Subsidence Insurance

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Obtaining cover for a home that has previously been affected by subsidence, landslip or historic movement can be difficult.

It’s usually a survey which brings this to light and it’s common in older houses with limited or no foundations and 20th century homes built on clay soil.

Many insurers will simply say no, without asking for any more information, even if the movement was in the 19th century or before and if it isn’t getting worse.

If you’re getting home insurance quotes online, be careful before you tick any boxes. The “previous movement” statement may be amongst many others you are agreeing to. If you agree that your home has not “been affected by any structural movement” and it has, no matter how long ago, you could be invalidating your policy. If you have a mortgage on the policy, the bank will usually require subsidence cover so choosing not to take subsidence cover, or inadvertently invalidating this cover could put you in breach of your mortgage terms and conditions.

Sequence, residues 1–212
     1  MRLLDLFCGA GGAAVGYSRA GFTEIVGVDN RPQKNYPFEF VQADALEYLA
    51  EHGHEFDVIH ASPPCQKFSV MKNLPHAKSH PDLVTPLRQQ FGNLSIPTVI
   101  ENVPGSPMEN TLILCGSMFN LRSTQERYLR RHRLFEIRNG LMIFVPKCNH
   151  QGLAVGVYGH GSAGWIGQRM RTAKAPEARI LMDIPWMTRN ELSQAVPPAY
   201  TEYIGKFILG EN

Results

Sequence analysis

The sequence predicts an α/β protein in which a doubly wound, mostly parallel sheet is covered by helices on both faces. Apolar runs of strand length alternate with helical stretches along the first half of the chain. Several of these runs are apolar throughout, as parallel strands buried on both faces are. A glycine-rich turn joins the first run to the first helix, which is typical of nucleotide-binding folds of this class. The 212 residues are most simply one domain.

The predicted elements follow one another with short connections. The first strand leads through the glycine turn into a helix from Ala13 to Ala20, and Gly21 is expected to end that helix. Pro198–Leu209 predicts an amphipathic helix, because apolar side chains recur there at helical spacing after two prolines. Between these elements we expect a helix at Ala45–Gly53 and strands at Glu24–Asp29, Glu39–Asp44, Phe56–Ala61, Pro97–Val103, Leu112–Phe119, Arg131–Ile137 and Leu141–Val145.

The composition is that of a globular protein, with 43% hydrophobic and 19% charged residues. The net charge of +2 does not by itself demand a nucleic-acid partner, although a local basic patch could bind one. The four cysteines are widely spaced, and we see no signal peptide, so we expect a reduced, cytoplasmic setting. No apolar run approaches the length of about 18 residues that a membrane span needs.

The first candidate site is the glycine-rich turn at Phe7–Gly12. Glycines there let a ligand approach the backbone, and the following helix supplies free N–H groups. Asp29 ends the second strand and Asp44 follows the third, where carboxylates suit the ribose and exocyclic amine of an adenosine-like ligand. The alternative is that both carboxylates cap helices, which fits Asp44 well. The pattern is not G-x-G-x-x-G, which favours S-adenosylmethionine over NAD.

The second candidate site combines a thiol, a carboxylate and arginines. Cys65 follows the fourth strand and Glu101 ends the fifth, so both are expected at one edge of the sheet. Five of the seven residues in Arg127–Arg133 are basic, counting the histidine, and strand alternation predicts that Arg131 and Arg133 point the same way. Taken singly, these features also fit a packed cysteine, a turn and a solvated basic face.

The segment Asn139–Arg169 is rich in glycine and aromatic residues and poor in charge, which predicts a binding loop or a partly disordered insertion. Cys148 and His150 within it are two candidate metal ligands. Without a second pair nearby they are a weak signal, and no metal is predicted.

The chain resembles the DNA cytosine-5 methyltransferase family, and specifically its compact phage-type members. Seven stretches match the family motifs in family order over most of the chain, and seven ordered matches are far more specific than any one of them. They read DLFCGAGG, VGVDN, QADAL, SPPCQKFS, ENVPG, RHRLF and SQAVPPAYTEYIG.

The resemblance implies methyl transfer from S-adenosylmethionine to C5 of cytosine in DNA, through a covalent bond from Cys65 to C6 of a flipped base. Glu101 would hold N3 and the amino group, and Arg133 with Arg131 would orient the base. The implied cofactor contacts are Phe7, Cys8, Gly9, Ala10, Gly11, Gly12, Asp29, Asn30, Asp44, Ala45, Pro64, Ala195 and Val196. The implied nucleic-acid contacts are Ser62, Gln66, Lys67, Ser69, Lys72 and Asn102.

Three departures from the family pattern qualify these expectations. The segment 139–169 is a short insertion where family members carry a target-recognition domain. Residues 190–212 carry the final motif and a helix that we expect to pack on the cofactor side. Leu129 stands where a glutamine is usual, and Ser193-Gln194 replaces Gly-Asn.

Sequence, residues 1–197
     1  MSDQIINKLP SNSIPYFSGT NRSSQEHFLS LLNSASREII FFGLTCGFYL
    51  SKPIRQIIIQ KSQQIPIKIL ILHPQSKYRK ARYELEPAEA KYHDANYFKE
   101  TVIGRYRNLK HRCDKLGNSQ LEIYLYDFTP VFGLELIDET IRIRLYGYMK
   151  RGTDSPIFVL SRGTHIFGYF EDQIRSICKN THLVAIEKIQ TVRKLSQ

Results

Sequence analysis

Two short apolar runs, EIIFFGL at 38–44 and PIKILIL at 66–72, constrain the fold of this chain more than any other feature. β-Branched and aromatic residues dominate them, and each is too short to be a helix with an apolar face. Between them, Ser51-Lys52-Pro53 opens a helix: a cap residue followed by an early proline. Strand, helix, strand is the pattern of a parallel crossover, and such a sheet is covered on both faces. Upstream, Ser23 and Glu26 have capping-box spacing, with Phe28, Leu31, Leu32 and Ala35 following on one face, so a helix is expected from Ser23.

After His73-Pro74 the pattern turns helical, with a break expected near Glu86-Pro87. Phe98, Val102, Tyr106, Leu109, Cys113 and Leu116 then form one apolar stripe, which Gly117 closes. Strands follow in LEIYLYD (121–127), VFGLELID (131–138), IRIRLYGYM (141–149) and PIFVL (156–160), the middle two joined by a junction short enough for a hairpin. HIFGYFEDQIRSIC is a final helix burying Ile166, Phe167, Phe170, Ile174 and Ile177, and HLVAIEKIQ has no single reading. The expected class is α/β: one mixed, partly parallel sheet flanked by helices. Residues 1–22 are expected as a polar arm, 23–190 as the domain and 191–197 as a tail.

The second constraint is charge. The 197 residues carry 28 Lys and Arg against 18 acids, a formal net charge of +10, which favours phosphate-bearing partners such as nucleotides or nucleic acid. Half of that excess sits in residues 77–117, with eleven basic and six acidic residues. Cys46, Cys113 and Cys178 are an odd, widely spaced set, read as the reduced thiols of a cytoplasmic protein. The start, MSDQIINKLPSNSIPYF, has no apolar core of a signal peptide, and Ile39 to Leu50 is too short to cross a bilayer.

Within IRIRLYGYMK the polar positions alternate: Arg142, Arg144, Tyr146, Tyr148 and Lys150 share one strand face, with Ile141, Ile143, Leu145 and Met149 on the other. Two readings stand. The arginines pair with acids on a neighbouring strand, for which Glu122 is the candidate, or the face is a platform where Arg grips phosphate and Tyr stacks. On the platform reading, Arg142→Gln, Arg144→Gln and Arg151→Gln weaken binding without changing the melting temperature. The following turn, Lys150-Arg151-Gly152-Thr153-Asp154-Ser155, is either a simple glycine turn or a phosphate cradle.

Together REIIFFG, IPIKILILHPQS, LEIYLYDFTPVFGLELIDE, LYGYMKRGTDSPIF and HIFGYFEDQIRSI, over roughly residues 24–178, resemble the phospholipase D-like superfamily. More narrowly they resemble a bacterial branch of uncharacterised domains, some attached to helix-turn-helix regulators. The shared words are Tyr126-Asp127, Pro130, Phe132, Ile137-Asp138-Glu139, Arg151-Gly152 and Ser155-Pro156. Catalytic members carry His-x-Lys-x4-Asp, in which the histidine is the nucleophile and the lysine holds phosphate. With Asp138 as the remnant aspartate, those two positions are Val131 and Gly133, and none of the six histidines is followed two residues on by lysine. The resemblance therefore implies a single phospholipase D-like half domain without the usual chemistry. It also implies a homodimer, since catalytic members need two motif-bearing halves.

If you are thinking of buying a property with a history of movement, ask for a Certificate of Structural Adequacy or a Structural Engineer’s Report which shows that the cause of the movement has been removed, that any cracks have been properly filled and that the superstructure is now sound. For help and advice, talk to Aston Lark. We understand the challenges of subsidence and historic movement and have access to insurers that appreciate this too.

Case study:

Mrs Parsons’ home insurance did not include subsidence cover, due to signs of cracking around the windows. The cracks had not been worked on since the property was purchased. On our advice, Mrs Parsons called in a structural engineer who pointed out that the windows had not been properly installed. This was corrected, the cracking filled, and full subsidence cover agreed with a higher than usual, but acceptable, excess.

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